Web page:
Dear Debbie: We have a household full of kids and dogs. For practical purposes, we’d like to put down tile in our living room, but are concerned that it will look cold and uninviting.
Decorative tiles have been around for centuries. In this decade, we have seen a resurgence of tiles chosen for their practical nature but also laid in a wide variety of colours and patterns.
Porcelain tiles are produced with visual textures that mimic the look of stone, fine marble and wood.
The latest look to come on the scene is a fabric effect made on a three-dimensional surface. It looks like carpet, and this is your solution.
An aerial view of this playroom floor shows how clever the visual deception is — this “carpet” is really Tailorart. (Tile from Ceramica Sant’Agostino, ceramicasantagostino.com.)
These porcelain tiles come in four sizes. Large tiles are popular and work well even in small spaces such as bathrooms.
Large tiles mean fewer seams, and tiles are designed to butt against each other, so no need for grout. This produces a clean, contemporary appearance.
Design your own patterns by mixing colours and sizes.
Tailorart’s tiles look like carpet underfoot or fabric on the wall. The Tartan design is fresh and fun, and warms up a room that can look cold. The Tartan design would also cheer up a family room or kitchen.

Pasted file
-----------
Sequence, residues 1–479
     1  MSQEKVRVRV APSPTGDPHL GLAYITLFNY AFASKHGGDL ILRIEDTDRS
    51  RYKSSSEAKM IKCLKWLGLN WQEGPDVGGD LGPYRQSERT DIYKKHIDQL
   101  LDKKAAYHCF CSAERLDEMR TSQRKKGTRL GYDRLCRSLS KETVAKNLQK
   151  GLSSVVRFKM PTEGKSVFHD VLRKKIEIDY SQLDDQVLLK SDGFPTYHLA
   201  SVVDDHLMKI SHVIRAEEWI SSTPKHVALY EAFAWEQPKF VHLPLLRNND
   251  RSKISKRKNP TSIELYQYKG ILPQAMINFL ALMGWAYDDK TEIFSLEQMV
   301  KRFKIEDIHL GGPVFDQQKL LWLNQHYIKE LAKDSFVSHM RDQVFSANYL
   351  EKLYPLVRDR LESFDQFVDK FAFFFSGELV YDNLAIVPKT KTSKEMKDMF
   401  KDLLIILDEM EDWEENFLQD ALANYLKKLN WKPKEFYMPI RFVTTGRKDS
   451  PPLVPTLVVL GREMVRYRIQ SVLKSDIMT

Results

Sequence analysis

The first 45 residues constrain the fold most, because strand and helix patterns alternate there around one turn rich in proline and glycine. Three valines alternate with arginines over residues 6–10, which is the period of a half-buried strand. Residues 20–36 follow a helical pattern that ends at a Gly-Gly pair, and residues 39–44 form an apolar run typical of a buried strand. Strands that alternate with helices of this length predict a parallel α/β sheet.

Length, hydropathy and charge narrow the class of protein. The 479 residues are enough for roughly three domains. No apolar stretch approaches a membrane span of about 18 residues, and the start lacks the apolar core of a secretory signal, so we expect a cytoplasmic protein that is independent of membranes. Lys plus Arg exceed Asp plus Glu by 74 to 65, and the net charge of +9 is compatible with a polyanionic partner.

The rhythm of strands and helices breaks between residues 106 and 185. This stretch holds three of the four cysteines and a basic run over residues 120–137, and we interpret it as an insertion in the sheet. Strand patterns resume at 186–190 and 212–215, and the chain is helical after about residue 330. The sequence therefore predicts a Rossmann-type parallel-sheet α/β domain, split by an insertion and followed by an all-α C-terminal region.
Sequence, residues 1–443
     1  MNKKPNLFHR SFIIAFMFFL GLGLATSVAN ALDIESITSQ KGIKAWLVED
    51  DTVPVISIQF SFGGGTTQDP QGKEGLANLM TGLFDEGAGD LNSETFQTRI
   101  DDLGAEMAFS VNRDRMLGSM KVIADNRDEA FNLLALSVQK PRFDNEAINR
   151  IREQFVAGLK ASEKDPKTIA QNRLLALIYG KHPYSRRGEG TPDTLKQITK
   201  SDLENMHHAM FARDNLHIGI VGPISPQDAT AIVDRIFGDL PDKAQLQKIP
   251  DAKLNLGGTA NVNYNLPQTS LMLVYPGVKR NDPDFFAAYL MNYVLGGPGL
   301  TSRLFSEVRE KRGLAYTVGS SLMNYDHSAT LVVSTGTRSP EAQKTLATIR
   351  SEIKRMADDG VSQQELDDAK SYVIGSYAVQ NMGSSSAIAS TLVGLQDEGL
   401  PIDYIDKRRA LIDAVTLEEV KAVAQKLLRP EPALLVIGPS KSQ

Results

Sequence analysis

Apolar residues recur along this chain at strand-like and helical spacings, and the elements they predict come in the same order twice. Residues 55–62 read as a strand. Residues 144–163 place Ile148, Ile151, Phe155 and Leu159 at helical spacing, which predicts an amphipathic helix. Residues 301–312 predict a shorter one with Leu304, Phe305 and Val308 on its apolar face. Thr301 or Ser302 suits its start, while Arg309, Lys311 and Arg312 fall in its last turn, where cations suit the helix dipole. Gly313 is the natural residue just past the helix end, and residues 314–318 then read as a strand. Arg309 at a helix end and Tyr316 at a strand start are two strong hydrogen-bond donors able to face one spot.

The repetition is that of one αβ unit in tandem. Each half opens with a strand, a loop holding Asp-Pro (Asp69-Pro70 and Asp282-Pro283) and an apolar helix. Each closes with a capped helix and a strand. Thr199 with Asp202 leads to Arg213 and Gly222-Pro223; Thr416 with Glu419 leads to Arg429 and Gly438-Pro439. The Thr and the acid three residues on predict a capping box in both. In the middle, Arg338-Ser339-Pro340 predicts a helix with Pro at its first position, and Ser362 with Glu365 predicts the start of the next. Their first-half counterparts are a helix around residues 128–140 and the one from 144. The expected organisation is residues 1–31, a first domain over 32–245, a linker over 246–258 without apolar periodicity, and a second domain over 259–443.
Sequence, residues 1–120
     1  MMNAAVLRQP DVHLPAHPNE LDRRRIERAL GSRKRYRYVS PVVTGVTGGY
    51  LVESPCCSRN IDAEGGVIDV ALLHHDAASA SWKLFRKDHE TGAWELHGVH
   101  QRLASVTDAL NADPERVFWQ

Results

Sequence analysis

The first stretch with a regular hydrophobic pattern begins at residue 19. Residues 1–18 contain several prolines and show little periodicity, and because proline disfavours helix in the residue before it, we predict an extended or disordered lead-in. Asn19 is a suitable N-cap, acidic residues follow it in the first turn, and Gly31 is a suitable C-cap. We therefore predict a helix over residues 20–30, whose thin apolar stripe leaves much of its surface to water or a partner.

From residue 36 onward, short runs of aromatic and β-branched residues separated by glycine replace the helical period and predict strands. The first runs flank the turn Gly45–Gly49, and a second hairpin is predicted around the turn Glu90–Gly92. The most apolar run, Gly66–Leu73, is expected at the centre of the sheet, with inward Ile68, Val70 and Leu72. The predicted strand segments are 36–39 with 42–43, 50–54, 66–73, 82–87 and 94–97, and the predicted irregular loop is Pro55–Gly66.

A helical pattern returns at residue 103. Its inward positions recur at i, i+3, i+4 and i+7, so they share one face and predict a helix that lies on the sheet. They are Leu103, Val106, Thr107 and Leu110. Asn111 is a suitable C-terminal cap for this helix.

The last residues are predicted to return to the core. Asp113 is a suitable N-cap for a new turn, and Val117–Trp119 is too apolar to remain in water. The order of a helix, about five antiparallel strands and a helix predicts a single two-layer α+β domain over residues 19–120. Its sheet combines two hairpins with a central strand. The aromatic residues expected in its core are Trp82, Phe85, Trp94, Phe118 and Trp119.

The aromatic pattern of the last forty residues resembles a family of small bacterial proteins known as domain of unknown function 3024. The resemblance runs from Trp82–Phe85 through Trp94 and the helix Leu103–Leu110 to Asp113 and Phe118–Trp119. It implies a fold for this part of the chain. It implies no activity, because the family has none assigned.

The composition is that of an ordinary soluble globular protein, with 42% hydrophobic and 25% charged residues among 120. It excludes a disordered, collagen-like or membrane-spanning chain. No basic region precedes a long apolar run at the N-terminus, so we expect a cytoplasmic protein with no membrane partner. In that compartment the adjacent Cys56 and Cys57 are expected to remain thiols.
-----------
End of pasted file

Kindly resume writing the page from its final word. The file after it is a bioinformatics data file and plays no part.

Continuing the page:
Tiles do feel cool underfoot, so why not install a heating system under your new floor? This is a luxurious way to lower your heating bills and a good solution for playrooms and bathrooms.
Dear Debbie: I recently moved in with my partner, and have a big dilemma. We both had full kitchens, which are now crowded into one small space.
I am not a neat freak, but our small kitchen is so overcrowded with appliances, crockery and cookbooks and other things. The coffee maker stays, but can we throw out everything else?
Pamela and Peter
Combining two homes is a huge challenge. The decisions about what to keep and what goes where can be overwhelming.
You have the right idea; the only way to bring order to your kitchen is to lighten the load. But you don’t necessarily have to throw everything out.
Empty the cabinets and drawers and line up all your kitchen equipment on the floor in groups: dry goods, dishes, glasses, cookware and utensils, pots, pans and spices. Now edit ruthlessly.
Be fair about items that have sentimental value, but otherwise keep only what you can store.
Do you need two mixers, seven mixing bowls, a dozen mismatched coffee mugs or 30 spice bottles (most past their best-before date)?
Use clever storage solutions such as pullout shelves, Lazy Susans and cutlery holders to make the most of your space. Clear the countertops of all but two or three items, depending on the size, so that you have room to prepare meals.
The cookbook collection can find a new home on a shelf or in a bookcase in the dining room. The coffee maker can stay, and the teapot.
Debbie Travis’s House to Home column is produced by Debbie Travis and Barbara Dingle. Email your questions to firstname.lastname@example.org. You can follow Debbie on Twitter at twitter.com/debbie_travis, and visit Debbie’s website, debbietravis.com.